The original, independent guide to Lisbon
Lisbon castle, the Castelo de Sao Jorge, stands majestically above central Lisbon and was the ancient seat of power for Portugal for over 400 years. Much of the present castle dates from the 1920s when a significant restoration project was undertaken but this does not detract from the allure of the castle.
The view from Lisbon castle over the Baixa district
The battlements of Castelo de Sao Jorge provides fantastic views of the Baixa district and the Rio Tejo (River Tagus) while the fortified citadel is steeped in history. The walk to the castle can be draining during the summer but Lisbon castle is one of the best tourist attractions of the capital.
The ticket price is €8.50 with children under 10 able to enter for free. Families should consider the family ticket which costs €20 and allows entry for two adults and two children (<18). The opening hours are 9:00- 21:00 (Mar-Oct) and 9:00-18:00 (Nov-Feb). Last admission is 30 minutes before closing time but a typical visits last between 60 - 90 minutes.
The battlements of Lisbon castle high above the capital
The Castelo de Sao Jorge is Lisbon’s most popular tourist attraction and there can be long ticket queues and crowds of tourists during the middle of the day. For a more leisurely visit consider arriving earlier or later in the day. Within the castle is a café and several kiosks where water, drinks or ice creams can be purchased and there are good toilet facilities.
The castle provides free and informative tours of the monument, and if your visit coincides with one of these tours it is highly recommended to join. There has been an attempt to provide disability access to the castle, with ramps and stair lifts, but the steep climb from the city centre along cobbled streets makes it challenging to get there.
There are two distinct sections of the castle; the Moorish Castle (pre 12th century) and the Royal Palace (13-14th century). Very little remains of the palace being converted into a military barracks and then destroyed by the 1755 earthquake. The castle was equally ruined but was extensively restored (basically rebuilt) during the early stages of the 1920s republic government.
Don’t miss the giant drawing of how Lisbon appeared before the 1755 earthquake, which is housed in the Nucleo Museologico in the old palace buildings. This faintly drawn picture is fascinating, as it shows the Se cathedral with a tower, the old Igreja Antonio church, the old Moorish city walls and that the castle was the only building on the hill.
The traitors gate in the inner courtyard, this small, non-descript door circumnavigated the extensive fortifications and allowed messengers in or deserters to escape. Also in this courtyard is the well which provided a constant water supply to the castle.
Tower of Saint Lawrence; this exterior tower half way down the hillside provided access to a secondary well and a means of reinforcing (or escaping the castle) and is a common addition to Moorish castles. For visitors, it provides alternative views over Lisbon and the castle but is a steep walk back to the castle!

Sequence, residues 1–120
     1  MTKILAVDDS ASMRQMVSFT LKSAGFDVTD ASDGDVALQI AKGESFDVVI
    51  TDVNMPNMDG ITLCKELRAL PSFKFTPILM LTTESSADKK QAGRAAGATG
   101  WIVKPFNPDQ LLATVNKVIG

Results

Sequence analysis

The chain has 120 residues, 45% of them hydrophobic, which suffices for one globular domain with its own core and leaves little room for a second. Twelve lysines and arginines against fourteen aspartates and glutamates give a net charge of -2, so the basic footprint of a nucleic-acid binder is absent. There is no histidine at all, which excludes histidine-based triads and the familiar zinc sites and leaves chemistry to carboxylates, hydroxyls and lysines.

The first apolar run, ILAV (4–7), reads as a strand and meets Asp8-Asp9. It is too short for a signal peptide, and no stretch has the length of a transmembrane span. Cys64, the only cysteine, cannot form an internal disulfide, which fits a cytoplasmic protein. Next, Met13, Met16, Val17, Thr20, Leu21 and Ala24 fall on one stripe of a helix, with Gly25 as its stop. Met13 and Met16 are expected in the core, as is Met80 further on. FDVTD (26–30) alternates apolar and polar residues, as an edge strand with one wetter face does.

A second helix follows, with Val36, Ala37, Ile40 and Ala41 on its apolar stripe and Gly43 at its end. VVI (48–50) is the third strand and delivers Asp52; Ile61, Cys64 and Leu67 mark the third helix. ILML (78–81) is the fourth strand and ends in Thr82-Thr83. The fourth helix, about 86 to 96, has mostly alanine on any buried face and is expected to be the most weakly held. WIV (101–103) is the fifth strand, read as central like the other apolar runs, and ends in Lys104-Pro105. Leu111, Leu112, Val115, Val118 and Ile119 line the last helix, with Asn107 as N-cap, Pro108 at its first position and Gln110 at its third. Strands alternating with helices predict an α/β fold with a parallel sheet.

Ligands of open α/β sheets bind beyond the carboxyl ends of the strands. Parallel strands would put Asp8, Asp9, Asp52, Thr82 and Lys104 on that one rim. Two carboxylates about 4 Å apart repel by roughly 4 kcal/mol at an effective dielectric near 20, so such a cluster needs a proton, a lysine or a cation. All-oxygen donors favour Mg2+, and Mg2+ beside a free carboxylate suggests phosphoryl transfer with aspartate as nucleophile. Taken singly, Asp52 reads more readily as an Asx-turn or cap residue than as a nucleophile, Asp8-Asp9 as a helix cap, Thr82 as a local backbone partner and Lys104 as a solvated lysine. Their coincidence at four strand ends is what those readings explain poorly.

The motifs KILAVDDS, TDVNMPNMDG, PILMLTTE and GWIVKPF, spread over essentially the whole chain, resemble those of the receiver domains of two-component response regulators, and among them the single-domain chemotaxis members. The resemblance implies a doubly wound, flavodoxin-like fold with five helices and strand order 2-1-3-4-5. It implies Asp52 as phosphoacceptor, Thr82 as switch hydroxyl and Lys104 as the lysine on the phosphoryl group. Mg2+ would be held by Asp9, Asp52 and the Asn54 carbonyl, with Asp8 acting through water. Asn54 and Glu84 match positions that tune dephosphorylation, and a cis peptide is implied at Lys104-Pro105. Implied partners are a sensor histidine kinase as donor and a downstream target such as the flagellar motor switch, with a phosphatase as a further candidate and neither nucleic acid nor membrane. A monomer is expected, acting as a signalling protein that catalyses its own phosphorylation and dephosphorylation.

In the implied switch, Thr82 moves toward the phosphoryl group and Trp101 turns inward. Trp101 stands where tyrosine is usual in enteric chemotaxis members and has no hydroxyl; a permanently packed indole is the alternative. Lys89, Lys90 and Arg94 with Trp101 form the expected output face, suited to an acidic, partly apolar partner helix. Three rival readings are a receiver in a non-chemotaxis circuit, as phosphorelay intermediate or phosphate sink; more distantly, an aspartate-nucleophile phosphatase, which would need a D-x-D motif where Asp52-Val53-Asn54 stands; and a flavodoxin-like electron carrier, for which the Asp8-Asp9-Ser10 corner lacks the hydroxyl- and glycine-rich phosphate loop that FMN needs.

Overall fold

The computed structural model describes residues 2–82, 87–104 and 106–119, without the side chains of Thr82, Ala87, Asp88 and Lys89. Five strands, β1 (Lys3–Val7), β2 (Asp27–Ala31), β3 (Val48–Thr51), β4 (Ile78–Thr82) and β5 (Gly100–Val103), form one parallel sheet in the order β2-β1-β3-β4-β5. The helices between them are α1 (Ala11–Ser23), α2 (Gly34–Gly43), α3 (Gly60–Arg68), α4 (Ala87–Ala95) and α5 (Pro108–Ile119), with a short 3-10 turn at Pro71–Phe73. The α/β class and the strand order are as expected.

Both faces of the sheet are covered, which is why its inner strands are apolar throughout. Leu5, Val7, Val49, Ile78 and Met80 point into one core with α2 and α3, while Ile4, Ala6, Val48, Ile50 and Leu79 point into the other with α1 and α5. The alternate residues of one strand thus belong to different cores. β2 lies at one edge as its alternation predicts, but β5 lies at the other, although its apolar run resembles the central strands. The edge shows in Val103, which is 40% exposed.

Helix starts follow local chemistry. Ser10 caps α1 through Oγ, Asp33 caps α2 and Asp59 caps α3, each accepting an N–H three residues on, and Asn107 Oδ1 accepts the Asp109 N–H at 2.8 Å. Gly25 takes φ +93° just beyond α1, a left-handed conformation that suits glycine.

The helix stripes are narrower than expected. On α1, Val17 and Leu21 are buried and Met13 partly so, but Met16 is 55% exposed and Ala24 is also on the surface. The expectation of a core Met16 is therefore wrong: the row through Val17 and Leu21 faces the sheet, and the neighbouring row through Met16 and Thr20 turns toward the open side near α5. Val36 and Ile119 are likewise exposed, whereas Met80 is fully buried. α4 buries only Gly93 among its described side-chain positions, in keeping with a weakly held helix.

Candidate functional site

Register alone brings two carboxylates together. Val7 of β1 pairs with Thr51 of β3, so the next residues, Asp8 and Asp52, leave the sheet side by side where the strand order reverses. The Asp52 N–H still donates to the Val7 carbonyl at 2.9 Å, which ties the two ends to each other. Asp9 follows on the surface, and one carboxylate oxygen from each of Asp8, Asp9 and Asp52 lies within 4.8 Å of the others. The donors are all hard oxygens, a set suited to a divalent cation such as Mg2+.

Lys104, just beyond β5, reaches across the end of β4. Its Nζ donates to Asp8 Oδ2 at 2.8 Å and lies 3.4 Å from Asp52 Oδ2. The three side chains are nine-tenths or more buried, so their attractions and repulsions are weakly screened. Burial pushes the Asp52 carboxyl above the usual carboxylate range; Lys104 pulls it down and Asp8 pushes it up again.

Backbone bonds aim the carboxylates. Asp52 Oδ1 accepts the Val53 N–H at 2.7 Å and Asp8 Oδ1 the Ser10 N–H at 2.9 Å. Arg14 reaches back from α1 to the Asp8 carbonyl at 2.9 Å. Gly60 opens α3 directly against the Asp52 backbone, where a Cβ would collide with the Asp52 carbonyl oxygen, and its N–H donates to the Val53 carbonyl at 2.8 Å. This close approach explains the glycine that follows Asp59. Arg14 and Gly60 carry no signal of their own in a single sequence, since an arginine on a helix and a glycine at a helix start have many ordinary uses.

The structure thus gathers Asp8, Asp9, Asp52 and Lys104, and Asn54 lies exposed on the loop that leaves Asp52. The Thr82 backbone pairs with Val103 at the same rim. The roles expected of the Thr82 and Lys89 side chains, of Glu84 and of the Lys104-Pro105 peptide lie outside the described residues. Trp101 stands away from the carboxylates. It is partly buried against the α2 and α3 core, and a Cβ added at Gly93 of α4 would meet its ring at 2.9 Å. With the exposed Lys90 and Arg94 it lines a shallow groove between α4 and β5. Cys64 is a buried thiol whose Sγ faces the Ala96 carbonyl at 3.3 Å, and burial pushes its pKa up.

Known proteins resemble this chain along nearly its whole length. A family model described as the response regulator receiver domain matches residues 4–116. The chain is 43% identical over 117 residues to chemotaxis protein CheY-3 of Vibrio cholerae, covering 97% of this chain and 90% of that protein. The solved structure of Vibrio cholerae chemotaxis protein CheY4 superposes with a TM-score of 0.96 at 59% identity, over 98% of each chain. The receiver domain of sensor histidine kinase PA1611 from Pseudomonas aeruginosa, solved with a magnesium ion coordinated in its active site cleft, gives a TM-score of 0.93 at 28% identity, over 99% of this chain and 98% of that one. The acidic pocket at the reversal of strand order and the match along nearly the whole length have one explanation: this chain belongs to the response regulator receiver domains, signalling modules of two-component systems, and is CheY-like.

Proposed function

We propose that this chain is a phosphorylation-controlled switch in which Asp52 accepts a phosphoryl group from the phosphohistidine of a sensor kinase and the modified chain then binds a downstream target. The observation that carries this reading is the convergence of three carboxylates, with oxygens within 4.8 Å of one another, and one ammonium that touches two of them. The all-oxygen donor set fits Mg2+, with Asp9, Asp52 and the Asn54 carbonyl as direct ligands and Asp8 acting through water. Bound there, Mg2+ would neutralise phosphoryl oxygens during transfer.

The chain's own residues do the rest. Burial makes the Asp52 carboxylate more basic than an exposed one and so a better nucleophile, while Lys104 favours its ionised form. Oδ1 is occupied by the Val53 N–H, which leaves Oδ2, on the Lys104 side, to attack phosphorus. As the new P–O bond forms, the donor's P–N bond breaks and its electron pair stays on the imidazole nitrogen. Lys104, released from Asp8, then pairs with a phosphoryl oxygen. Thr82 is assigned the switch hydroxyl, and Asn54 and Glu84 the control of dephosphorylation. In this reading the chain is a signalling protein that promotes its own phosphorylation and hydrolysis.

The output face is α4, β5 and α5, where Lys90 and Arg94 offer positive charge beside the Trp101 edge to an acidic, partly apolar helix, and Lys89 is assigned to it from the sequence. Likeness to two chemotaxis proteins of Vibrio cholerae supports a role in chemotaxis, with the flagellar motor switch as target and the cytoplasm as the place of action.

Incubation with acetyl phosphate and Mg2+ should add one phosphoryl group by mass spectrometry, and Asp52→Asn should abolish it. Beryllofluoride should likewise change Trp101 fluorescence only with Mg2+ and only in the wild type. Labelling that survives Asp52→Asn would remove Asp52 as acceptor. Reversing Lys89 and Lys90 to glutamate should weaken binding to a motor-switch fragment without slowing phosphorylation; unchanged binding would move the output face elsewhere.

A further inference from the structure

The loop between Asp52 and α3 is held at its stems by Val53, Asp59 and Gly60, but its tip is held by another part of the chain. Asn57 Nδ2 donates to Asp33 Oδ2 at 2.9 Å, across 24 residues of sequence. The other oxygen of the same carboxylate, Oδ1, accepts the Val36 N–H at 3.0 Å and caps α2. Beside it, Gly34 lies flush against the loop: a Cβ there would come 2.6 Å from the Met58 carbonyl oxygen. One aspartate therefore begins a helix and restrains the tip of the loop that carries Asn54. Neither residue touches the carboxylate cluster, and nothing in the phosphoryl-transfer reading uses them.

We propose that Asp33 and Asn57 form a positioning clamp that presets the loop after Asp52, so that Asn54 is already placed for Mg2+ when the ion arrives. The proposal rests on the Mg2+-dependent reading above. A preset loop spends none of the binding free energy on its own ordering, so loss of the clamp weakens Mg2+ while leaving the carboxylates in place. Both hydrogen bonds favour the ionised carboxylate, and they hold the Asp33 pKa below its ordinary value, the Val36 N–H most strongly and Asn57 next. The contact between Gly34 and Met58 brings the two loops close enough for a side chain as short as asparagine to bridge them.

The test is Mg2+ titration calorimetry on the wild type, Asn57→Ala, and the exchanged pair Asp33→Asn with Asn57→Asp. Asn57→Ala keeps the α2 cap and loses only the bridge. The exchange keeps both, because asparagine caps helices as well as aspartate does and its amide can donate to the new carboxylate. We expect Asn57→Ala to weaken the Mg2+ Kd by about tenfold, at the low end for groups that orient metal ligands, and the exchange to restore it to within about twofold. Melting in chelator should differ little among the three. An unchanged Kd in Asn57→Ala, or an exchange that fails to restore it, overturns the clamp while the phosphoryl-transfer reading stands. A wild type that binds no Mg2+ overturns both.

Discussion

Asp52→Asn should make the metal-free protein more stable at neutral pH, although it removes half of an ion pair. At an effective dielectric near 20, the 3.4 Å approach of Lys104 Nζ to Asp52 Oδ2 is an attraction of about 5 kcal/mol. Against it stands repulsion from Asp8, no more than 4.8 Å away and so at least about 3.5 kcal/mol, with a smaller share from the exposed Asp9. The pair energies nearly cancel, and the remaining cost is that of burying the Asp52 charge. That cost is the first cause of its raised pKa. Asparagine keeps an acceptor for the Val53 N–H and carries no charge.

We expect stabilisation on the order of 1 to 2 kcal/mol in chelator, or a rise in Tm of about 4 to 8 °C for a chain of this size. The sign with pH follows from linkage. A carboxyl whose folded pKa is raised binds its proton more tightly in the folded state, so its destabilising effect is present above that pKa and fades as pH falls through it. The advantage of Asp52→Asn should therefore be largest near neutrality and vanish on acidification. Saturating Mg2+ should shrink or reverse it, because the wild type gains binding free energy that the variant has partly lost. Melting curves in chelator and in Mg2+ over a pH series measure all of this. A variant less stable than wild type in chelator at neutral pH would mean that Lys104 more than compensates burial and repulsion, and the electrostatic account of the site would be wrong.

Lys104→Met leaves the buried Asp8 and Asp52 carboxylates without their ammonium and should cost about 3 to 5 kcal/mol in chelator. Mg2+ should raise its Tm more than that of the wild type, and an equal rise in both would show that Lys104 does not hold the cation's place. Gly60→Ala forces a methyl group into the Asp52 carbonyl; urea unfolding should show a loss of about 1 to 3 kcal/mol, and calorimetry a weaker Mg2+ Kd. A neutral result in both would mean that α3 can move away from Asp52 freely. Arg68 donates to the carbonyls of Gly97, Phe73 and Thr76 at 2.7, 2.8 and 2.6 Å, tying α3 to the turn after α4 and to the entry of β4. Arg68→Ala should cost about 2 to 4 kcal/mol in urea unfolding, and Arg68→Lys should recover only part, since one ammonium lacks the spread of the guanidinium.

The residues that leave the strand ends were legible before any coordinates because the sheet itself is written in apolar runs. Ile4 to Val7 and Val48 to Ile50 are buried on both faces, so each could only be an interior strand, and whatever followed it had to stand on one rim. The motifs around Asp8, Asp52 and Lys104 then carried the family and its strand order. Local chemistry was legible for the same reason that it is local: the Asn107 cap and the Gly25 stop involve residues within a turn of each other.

The excellent vantage point of Castelo de Sao Jorge high above the River Tejo made it a prime defensive position and the site has been used since the Roman era. The reconstructed castle and battlements that can be viewed today are based on the layout from the 11th century and the introduction of Christianity to Portugal, as part of the second crusade. Before 1147 Lisbon was an important Moorish trading port with strong ties to North African heartland.
The fortified central keep of Lisbon castle
Afonso Henriques had answered the Popes call to “free the holy Lands” as part of the second crusade and with his army drove the Moors from Lisbon and surrounding lands. The victory is romantically remembered as the liberation of Lisbon but Alfonso’s mercenary army consisted of drunks and thieves, who once freed Lisbon from their slavery promptly sacked the city.
The Lisbon castle at the centre of the capital
Afonso Henriques claimed the crown of Portugal and sensing a counter attack from the Moors built the Castelo de Sao Jorge high on the defensive position. The fear of counter attack was incorporate into the design of the original castle, with the citadel the last line of defense. Successive kings of Portugal strengthened the defensive capabilities of Castelo de Sao Jorge to improve the survival chances of a frontal attack or extended siege.
The walls, cellars and wells were upgraded to withstand long sieges and defensive fortifications improved to make access difficult. The gradient leading to the main entrance was increased and a sharp 180 degree corner included preventing deployment of battering rams or cavalry charges. Other features which can still be found within the castle included; traitor gates, false doors and the entire surface stepped to provide maximum protection for defenders.